A monologue from the play by Christopher Marlowe

  • NOTE: This monologue is reprinted from Masterpieces of the English Drama. Ed. William Lyon Phelps. New York: American Book Company, 1912.
  • TAMBURLAINE: Villain, art thou the son of Tamburlaine,
    And fear'st to die, or with a curtle-axe
    To hew thy flesh, and make a gaping wound?
    Has thou beheld a peal of ordnance strike
    A ring of pikes, mingled with shot and horse,
    Whose shatter'd limbs, being toss'd as high as heaven,
    Hang in the air as thick as sunny motes,
    And canst thou, coward, stand in fear of death?
    Hath thou not seen my horsemen charge the foe,
    Shot through the arms, cut overthwart the hands,
    Dying their lances with their streaming blood,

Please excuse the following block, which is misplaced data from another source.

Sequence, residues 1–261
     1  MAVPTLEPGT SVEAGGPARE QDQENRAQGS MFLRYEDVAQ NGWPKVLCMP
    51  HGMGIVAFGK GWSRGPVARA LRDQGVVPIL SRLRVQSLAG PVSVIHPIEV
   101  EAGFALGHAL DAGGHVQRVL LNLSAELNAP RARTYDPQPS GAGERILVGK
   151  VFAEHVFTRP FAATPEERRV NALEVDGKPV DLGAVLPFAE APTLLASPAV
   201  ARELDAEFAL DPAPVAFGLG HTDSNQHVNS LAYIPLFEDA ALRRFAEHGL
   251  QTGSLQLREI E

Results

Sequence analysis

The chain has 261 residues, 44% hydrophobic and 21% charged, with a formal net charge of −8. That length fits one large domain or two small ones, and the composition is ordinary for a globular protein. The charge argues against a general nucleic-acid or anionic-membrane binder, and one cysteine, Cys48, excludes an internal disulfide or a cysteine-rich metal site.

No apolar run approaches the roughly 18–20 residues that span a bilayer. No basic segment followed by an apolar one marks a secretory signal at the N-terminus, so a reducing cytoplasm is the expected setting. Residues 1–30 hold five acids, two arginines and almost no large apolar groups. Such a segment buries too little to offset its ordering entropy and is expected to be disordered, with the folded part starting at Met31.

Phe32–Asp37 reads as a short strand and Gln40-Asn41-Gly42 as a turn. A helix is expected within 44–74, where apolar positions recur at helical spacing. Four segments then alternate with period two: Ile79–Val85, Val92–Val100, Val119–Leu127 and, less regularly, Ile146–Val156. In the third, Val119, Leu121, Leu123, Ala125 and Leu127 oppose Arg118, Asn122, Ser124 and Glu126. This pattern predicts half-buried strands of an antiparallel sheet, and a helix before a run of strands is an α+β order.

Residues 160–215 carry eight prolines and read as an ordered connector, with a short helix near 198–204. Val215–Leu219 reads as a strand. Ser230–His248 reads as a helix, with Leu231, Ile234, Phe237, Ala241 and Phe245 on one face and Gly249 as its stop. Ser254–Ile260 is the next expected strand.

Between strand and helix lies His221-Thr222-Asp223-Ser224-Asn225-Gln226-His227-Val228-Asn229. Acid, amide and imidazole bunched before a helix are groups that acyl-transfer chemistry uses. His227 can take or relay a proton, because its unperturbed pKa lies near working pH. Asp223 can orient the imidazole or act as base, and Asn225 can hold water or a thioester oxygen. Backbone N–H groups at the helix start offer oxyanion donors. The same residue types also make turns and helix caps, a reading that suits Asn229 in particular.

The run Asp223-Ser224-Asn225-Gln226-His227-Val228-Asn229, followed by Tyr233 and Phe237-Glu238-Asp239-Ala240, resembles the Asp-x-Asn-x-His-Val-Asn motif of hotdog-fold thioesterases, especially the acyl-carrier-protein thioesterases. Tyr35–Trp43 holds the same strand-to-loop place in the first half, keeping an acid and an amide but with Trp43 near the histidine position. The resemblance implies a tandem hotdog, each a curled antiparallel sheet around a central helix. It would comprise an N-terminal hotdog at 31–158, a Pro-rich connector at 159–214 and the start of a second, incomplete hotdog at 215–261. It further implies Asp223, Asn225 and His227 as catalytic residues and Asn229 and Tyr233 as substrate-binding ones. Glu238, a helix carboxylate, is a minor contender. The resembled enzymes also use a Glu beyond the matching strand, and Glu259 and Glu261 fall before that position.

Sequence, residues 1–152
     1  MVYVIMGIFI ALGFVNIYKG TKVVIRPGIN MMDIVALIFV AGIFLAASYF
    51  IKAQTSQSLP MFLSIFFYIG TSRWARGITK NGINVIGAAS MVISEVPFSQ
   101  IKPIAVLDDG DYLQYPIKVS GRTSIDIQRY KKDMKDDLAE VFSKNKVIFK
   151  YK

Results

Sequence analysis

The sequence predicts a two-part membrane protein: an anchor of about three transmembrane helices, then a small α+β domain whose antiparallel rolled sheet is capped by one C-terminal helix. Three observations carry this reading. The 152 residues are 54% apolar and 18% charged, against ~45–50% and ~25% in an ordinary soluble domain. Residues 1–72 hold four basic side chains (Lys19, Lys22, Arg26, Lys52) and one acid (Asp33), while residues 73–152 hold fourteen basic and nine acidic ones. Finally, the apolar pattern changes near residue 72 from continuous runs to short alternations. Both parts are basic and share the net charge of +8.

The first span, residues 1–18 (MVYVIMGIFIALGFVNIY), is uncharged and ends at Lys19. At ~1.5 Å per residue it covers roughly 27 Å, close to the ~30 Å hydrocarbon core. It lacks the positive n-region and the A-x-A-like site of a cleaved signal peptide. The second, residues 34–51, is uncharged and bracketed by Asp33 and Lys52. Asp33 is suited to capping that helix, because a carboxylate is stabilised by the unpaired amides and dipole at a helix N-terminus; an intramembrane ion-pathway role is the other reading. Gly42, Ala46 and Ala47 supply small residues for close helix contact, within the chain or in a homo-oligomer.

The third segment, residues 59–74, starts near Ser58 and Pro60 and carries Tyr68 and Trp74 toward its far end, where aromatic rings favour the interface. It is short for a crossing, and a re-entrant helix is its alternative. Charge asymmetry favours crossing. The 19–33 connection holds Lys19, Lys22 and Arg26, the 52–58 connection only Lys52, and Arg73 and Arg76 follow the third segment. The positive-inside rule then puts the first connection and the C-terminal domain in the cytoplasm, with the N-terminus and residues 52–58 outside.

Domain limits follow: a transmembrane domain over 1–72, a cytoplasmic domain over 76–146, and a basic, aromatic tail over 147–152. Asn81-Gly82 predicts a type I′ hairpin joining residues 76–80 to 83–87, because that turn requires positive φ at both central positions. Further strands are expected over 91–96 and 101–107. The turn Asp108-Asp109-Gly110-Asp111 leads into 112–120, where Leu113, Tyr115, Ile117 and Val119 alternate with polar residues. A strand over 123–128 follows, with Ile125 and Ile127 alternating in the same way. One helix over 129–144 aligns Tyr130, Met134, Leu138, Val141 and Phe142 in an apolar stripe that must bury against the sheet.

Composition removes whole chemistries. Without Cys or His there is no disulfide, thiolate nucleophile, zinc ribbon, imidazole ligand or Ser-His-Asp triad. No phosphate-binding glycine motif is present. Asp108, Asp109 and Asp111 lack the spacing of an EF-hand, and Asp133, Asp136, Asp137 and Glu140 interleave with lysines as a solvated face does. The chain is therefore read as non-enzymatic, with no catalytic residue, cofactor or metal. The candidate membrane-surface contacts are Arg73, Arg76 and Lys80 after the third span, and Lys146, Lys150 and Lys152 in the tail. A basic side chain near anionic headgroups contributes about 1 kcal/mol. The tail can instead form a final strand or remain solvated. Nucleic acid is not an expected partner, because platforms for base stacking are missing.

And yet at night carouse within my tent,
    Filling their empty veins with airy wine,
    That, being concocted, turns to crimson blood,
    And wilt thou shun the field for fear of wounds?
    View me, thy father, that hath conquer'd kings,
    And, with his host, march'd round about the earth,
    Quite void of scars and clear from any wound,
    That by the wars lost not a drop of blood,
    And see him lance his flesh to teach you all.

    [He cuts his arm.]

    A wound is nothing, be it ne'er so deep;
    Blood is the god of war's rich livery.
    Now look I like a soldier, and this wound
    As great a grace and majesty to me,
    As if a chair of gold enamelled,
    Enchas'd with diamonds, sapphires, rubies,
    And fairest pearl of wealthy India,
    Were mounted here under a canopy,
    And I sat down, cloth'd with a massy robe
    That late adorn'd the Afric potentate,
    Whom I brought bound unto Damascus' walls.
    Come, boys, and with your fingers search my wound,
    And in my blood wash all your hands at once,
    While I sit smiling to behold the sight.
    Now, my boys, what think ye of a wound?